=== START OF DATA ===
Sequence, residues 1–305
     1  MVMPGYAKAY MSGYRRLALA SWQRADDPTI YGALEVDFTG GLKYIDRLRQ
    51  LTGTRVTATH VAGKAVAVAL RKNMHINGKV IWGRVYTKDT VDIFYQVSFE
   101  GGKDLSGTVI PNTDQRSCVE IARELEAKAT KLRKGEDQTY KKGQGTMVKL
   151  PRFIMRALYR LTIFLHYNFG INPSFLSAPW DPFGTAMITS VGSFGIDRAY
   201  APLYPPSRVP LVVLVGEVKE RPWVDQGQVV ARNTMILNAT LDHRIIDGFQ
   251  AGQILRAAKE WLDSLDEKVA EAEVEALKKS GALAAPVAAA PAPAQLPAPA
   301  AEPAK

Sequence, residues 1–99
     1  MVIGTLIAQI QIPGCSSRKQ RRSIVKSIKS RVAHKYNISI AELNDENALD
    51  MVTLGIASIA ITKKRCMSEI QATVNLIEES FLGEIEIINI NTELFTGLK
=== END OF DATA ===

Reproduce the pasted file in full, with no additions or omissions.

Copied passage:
Sequence, residues 1–305
     1  MVMPGYAKAY MSGYRRLALA SWQRADDPTI YGALEVDFTG GLKYIDRLRQ
    51  LTGTRVTATH VAGKAVAVAL RKNMHINGKV IWGRVYTKDT VDIFYQVSFE
   101  GGKDLSGTVI PNTDQRSCVE IARELEAKAT KLRKGEDQTY KKGQGTMVKL
   151  PRFIMRALYR LTIFLHYNFG INPSFLSAPW DPFGTAMITS VGSFGIDRAY
   201  APLYPPSRVP LVVLVGEVKE RPWVDQGQVV ARNTMILNAT LDHRIIDGFQ
   251  AGQILRAAKE WLDSLDEKVA EAEVEALKKS GALAAPVAAA PAPAQLPAPA
   301  AEPAK

Sequence, residues 1–99
     1  MVIGTLIAQI QIPGCSSRKQ RRSIVKSIKS RVAHKYNISI AELNDENALD
    51  MVTLGIASIA ITKKRCMSEI QATVNLIEES FLGEIEIINI NTELFTGLK